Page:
- - Wednesday, July 28, 2021

ANALYSIS

A contested election splits the population into opposing camps. After weeks of tension and incendiary rhetoric, a force of hundreds of armed men descend upon their enemies’ stronghold and they go on a rampage, destroying property and horrifying much of the nation. But the mob’s defenders describe their actions as a “glorious triumph of the law and order party.”

This could pass as the story of the Jan. 6 riot by a pro-Trump mob attempting to overturn the 2020 election at the U.S. Capitol.

But the events described actually took place 165 years ago, when a pro-slavery force armed with rifles and cannons sacked Lawrence, Kansas, in a conflict over the political legitimacy of the territory’s two — yes, two — governments, one in favor of establishing a free state, the other hell-bent on imposing slavery. (The pro-slavery legislature was established through outright fraud committed by Missourians who crossed the border to illegally vote).



In this episode of History As It Happens, the hyper-polarized and violent 1850s are compared to our current times. As was the case in the final years before the Civil War, Americans today are living in alternative realities while assuming their political opponents are motivated by the worst of intentions. Both sides agree the stakes are huge: the survival of our democracy.

But the most trenchant similarity between the two eras may be the seemingly unbreakable cycle of polarization. We are not headed for another civil war fought by armies, and no single issue dominates our lives as did slavery in the antebellum United States. But Americans are divided nonetheless.

“We are not experiencing exactly the same thing as Americans in the 1850s,” said historian Paul Quigley, the director of the Center for Civil War Studies at Virginia Tech. “The key concept would be political polarization. The issues are very different… today there isn’t the central issue of slavery… and one of the ways we can compare the two [eras] is political violence and whether violence is an appropriate way to carry on politics.”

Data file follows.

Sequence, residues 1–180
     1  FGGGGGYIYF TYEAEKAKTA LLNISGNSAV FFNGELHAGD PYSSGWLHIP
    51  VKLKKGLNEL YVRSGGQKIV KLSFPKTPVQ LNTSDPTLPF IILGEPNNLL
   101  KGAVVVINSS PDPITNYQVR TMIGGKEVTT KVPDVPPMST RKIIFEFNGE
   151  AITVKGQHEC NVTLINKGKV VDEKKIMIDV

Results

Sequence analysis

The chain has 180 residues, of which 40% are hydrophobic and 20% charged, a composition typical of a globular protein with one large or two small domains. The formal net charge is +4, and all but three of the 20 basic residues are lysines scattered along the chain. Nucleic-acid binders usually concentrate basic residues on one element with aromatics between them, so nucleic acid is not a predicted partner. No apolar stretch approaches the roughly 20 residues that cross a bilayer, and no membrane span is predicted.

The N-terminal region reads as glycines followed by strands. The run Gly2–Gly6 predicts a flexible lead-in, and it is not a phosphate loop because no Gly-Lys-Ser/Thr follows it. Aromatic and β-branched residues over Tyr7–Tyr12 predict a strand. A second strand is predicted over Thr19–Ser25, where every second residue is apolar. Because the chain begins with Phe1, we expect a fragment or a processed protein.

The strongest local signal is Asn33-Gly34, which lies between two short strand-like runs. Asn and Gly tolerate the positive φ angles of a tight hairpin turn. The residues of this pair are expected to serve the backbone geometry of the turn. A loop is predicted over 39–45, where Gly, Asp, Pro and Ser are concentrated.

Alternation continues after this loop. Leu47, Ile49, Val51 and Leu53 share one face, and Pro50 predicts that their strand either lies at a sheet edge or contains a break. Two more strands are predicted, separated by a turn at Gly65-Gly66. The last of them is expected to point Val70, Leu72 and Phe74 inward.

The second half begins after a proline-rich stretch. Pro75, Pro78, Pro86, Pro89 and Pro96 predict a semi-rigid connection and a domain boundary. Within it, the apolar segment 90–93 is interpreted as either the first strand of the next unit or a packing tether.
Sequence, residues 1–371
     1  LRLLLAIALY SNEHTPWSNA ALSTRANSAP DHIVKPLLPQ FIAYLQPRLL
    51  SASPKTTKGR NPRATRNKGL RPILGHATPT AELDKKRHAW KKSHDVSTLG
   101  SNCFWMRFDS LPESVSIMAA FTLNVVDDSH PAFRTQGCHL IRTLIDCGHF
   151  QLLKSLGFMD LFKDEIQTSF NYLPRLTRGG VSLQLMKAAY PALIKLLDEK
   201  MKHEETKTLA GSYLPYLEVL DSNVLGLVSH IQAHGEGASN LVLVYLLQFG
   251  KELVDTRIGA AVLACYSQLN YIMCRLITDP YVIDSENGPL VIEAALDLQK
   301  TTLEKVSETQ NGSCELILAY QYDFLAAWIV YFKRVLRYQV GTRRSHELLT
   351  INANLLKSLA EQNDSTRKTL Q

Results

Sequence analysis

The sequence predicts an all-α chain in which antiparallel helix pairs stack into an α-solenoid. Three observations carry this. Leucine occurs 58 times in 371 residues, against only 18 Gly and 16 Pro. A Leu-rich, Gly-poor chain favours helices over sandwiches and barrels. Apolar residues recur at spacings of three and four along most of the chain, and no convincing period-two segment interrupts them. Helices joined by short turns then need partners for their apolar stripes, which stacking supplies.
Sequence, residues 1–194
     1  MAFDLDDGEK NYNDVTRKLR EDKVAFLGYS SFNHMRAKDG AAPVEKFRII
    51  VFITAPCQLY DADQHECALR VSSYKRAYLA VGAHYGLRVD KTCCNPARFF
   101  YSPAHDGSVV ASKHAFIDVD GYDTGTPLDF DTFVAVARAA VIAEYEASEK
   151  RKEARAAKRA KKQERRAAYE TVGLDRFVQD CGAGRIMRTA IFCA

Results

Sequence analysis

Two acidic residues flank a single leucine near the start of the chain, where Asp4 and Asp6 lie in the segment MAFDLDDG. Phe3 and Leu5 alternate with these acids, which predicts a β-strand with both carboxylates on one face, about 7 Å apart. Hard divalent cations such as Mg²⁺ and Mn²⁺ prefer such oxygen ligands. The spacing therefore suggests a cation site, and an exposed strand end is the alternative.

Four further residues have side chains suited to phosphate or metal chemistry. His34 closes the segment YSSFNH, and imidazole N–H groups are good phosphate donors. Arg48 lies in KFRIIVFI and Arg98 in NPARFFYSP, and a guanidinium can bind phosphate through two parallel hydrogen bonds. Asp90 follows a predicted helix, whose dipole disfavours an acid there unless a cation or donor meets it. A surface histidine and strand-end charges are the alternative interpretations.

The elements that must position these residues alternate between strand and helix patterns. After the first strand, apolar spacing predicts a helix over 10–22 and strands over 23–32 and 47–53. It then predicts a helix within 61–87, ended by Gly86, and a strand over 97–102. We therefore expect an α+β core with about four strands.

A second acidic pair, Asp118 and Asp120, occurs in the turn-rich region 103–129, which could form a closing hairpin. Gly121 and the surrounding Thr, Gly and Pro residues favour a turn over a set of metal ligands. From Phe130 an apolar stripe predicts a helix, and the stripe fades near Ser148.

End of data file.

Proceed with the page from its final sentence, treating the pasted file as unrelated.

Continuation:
In the aftermath of the Jan. 6 riot, former President Donald Trump and Republican leaders are downplaying the mob violence at the U.S. Capitol and shunning the select committee created by House Speaker Nancy Pelosi to investigate how and why hundreds of pro-Trump rioters breached the defenses.

This is part of a larger effort by Mr. Trump and his supporters to undermine public confidence in the election system by painting the mob as patriotic Americans who had legitimate concerns about the validity of President Biden’s victory. And it is consistent with Mr. Trump’s place as the only U.S. president not to accept the peaceful transfer of power. On the contrary, he was impeached after the end of his term for allegedly inciting the attack on a separate branch of government.

“Violence has a long history in American politics. The American Revolution was itself a form of political violence, but people have tended to see violence that they support as being in a different category than violence perpetrated by others,” Mr. Quigley said.



During the 1850s, major violent incidents were interpreted differently by the opposing sides in the sectional crisis over slavery, namely Rep. Preston Brooks’ caning of Sen. Charles Sumner and the sack of Lawrence in 1856, and John Brown’s raid on Harpers Ferry in 1859. Moreover, there were dozens of other violent incidents involving feuding lawmakers within the halls of Congress. 



Not all congressional Republicans are complicit in the alternative narrative about Jan. 6, however. Reps. Liz Cheney of Wyoming and Adam Kinzinger of Illinois continue to publicly condemn their party’s leaders and rank and file for downplaying the attempt to overturn the election results. As members of the select House committee, they have been ostracized by fellow Republicans.

Ms. Cheney has called the Jan. 6 attack the worst on the Capitol since the war of 1812. But the aforementioned Kansas crisis may be the more apt comparison because it saw regular citizens, not a foreign army, violently contest the legitimacy of an elected government.

For more of Mr. Quigley’s observations about the similarities and differences between the 1850s and today, listen to this episode of History As It Happens. Mr. Quigley is writing a book about Brooks’ infamous attack on Sumner on the Senate floor in 1856.

For historical perspective on the importance of independent investigations after tragic events, listen to this earlier episode featuring an interview with the chief spokesman of the 9/11 Commission, Alvin Felzenberg.

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